Discount retail: Cheer in the bargain basement

Hindustan Times | ByMini Pant Zachariah and Saurabh Turakhia, Mumbai
Dec 13, 2008 08:49 PM IST

Hafte ka sabse sasta din (The most important day of the week) is what Big Bazaar calls Wednesday. It certainly is in Mumbai homemaker Anjali Salunke’s weekly itinerary.

Hafte ka sabse sasta din

HT Image
HT Image

(The most important day of the week) is what Big Bazaar calls Wednesday. It certainly is in Mumbai homemaker Anjali Salunke’s weekly itinerary. Buying vegetables and grocery on Wednesday — when the discount retailer offers big bargains – helps Salunke keep the kitchen budget for her family of four under Rs 4,000 a month.

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“I save Rs 1,000 on what I would spend if I bought groceries at a neighbourhood kirana store,” she says.

As wallets get lighter with high inflation and an economic slowdown, consumers in India — always a tad cost conscious — are increasingly switching to discount stores and bargain sales. That’s good news for large-format discount retailers, which hit the Indian market some four years ago and have seen robust expansion.

Sales at Future Group’s Big Bazaar and other discount outlets in October were up 87 per cent from a year ago. Same store growth for value retailing stood at 49 per cent. Godrej No 1, the good-value soap brand, has been growing at 25 per cent year-on-year since April. The Grab Store, a multi-brand apparel retail chain, overshot its sales target for the festive season by 27 to 32 per cent this year.

And this trend is expected to continue, as budget shopping gains currency with the economy showing fewer signs of an early

“Our average selling price is Rs 425. Customers are willing to spend on the small ticket size we offer,” says Harish Shah, business development manager at The Grab. “You cannot do away with essentials like clothing.”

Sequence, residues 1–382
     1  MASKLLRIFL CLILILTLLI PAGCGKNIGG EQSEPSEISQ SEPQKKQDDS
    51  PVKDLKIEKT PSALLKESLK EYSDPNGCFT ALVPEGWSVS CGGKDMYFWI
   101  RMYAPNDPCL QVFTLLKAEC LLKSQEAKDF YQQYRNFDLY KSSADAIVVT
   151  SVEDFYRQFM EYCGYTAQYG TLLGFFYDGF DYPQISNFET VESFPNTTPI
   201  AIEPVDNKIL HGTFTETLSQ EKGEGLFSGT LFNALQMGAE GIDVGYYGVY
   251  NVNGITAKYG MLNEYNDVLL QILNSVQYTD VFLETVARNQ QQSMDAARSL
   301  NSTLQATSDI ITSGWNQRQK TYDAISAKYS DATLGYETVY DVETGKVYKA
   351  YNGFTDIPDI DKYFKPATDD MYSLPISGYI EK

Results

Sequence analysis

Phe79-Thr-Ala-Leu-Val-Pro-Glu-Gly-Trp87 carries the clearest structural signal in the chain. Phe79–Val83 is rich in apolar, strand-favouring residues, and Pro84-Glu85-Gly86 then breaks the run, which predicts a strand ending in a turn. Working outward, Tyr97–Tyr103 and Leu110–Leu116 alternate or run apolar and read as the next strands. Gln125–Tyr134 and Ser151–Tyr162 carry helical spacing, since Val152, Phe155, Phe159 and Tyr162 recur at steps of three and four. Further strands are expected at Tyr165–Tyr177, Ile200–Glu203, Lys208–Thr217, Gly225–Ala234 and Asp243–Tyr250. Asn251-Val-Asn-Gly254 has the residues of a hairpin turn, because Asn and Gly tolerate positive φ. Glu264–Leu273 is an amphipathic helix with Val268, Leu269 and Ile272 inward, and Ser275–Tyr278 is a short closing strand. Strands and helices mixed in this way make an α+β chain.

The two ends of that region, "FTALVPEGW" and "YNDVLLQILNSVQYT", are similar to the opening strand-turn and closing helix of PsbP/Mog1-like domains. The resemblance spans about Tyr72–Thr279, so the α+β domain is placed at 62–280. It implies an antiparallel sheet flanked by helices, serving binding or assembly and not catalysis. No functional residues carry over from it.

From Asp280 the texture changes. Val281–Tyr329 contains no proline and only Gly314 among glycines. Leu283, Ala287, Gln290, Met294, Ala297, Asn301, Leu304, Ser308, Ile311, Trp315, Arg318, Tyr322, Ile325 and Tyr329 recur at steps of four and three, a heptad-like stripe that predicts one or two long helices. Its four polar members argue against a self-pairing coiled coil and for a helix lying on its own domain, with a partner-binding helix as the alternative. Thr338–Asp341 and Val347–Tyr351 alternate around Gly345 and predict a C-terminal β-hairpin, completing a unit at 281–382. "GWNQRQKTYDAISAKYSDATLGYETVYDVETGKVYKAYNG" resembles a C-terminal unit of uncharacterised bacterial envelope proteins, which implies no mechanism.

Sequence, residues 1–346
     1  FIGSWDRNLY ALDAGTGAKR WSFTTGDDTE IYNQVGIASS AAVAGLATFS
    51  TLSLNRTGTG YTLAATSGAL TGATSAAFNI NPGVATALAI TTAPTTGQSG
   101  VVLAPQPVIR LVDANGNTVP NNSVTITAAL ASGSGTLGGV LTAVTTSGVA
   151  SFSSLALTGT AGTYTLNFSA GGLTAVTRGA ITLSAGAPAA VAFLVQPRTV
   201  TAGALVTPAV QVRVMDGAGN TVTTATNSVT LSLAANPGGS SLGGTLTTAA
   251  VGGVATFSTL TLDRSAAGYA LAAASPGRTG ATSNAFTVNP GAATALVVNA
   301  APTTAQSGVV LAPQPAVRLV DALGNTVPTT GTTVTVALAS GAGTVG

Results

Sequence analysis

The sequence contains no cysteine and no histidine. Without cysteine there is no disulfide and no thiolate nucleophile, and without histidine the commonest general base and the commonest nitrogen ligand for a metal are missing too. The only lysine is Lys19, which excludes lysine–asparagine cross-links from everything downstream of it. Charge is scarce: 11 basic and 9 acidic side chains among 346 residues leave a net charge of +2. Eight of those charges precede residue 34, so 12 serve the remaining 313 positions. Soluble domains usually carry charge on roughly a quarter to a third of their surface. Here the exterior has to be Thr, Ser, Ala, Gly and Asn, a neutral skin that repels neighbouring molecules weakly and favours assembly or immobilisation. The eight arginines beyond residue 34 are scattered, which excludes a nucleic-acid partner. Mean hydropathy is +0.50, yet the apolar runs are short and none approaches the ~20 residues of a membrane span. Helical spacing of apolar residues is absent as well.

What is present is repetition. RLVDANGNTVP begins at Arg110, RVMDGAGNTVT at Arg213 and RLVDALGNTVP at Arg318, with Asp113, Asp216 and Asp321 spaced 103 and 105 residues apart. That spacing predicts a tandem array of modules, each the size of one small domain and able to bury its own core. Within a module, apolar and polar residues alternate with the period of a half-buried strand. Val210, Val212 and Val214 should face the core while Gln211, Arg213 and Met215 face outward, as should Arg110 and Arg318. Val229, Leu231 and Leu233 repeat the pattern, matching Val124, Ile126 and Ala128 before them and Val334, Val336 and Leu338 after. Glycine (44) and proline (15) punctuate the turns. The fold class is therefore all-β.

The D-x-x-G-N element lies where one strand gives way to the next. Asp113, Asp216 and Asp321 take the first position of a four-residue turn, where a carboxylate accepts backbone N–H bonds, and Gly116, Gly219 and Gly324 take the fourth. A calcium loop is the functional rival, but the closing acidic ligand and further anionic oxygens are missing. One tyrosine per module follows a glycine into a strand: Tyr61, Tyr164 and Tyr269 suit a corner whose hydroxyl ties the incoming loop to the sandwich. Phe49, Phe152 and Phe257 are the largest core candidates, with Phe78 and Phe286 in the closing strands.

Also, multi-brand retailers are likely to have an edge over others.

“A single brand store can have only one or two end-of-season sales, whereas in multi-brand discount stores, the customer enjoys a discount price (sometimes up to 80 per cent) around the year,” Shah points out.

It’s the same story with consumer durables. Akshat Doshi, a marketing professional, recently bought an LCD TV with a combo offer of a home theatre system. “A good television set is a necessity for city dwellers like us to unwind after a long day at work,” Doshi says. And a home theatre system, according to his wife, Arpita, is a “cheaper option” to seeing movies in theatres.

Ajit Joshi, CEO, Infinity Retail, a Tata enterprise that runs discount electronic goods store chain Croma, says sales
during Diwali were “phenomenally good” because of “extremely good pricing” — a 32-inch LCD TV was sold between Rs 25,000 to Rs 29,000.

Electronics Bazaar and eZone, the retail chains for electronic items from the Future Group, posted more than 25 per cent growth in sales in October, says Manoj Kumar, CEO, eZone.

For thrifty middle-class India, a good bargain is hard to resist even in the worst of times.

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